||"...nearly every poem hits the mark. I like Eleven Days, To a Woman I Cannot Love , Weeding, and There Was Something I Was Supposed to Do, But, especially. But every reader will find her or his favorites. I recommend this one."
Reviewed by Dan Crocker ( Click here for review)
published by Green Bean Press (now defunct), in 2001. You can order copies for $5. through the author, just e-mail her at email@example.com
The carpenter ants came in through the piping.
She comes in through the kitchen window
throws her apron on the table
sits down in the chair
crushing a new pack of cigarettes
starts making piles of ones and fives.
She allocates the piles--the beer pile--
the pool game pile--the food pile--the rent pile, maybe--
the ant trap dish soap pile--the nicotine caffeine
sugar-free chewing gum pile.
When she's done she counts
the ants on the kitchen floor
the dishes in the sink
her tips three more times.
She doesn't consider herself a pool player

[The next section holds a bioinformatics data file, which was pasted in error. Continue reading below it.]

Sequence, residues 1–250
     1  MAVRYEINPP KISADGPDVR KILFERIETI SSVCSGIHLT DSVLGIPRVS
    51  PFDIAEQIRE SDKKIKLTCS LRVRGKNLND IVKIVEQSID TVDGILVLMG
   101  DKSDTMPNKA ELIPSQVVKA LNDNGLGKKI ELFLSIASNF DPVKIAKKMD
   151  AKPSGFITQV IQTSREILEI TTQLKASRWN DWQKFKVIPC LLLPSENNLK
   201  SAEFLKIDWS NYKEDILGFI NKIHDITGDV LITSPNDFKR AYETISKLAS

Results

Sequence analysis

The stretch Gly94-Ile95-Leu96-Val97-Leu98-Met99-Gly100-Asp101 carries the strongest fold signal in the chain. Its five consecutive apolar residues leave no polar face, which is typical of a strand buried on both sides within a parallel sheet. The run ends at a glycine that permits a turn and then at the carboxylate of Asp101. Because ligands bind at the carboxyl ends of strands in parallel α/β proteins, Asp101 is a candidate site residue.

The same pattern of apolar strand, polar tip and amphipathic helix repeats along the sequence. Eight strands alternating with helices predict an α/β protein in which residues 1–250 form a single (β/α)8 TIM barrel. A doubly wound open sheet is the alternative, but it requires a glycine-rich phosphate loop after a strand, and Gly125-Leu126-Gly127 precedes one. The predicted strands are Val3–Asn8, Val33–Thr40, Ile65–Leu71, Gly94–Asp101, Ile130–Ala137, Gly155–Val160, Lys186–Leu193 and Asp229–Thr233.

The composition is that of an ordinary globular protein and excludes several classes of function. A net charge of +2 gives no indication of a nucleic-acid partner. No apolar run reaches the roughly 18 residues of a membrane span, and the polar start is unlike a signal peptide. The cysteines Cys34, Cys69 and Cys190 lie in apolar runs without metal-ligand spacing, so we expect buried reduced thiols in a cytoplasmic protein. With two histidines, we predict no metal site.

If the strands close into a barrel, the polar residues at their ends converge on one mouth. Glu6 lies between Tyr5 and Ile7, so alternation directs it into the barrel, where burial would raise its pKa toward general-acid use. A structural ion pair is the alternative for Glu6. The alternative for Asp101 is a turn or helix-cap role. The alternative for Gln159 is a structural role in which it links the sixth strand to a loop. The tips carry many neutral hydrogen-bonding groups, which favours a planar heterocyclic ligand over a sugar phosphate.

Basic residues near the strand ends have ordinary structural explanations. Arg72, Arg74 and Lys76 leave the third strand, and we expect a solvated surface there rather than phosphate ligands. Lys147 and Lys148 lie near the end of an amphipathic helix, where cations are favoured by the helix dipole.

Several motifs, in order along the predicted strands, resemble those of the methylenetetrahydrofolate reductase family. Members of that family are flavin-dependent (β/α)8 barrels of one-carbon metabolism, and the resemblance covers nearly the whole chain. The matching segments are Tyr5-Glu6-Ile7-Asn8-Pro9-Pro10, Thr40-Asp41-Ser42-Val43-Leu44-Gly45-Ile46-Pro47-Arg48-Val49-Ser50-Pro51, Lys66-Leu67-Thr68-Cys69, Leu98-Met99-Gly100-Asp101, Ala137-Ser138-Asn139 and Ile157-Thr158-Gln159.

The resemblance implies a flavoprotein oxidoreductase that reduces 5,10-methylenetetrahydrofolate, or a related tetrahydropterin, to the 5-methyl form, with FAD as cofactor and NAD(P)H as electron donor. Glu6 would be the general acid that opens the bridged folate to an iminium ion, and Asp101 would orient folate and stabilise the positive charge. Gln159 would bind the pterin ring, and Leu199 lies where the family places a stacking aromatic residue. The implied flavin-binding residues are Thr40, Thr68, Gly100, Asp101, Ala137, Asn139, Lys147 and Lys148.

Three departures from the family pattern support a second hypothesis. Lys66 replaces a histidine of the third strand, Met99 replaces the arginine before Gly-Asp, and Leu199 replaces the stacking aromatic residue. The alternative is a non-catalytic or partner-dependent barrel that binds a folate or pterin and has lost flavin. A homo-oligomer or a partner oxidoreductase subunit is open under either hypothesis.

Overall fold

although she can hold the table.
Considers herself a woman
even though the sink is always full
the bed is never made.
She doesn't want to believe she's a waitress,
but she takes orders and accepts the tips
left behind between crumpled napkins
dirty dishes and spilled drinks.
An ant carries a dead ant on its back for an inch or so--
stops--puts it down and runs back for another corpse.
She does a body count
before using her key to crush the ant
then puts the key on a piece of string
she ties into a necklace
to ensure a proper entrance next time.
-originally published by Rattapallax
I called you
when I got home
from working in the dish room
to tell you
17 racks of plastic cups
and 8 racks of utensils
went through the washing machine today.
You were not home. I didn't leave a message. I played solitaire, ate a bag of stale
potato chips I dipped in ketchup, masturbated, painted my toenails silver,
and drank a warm beer.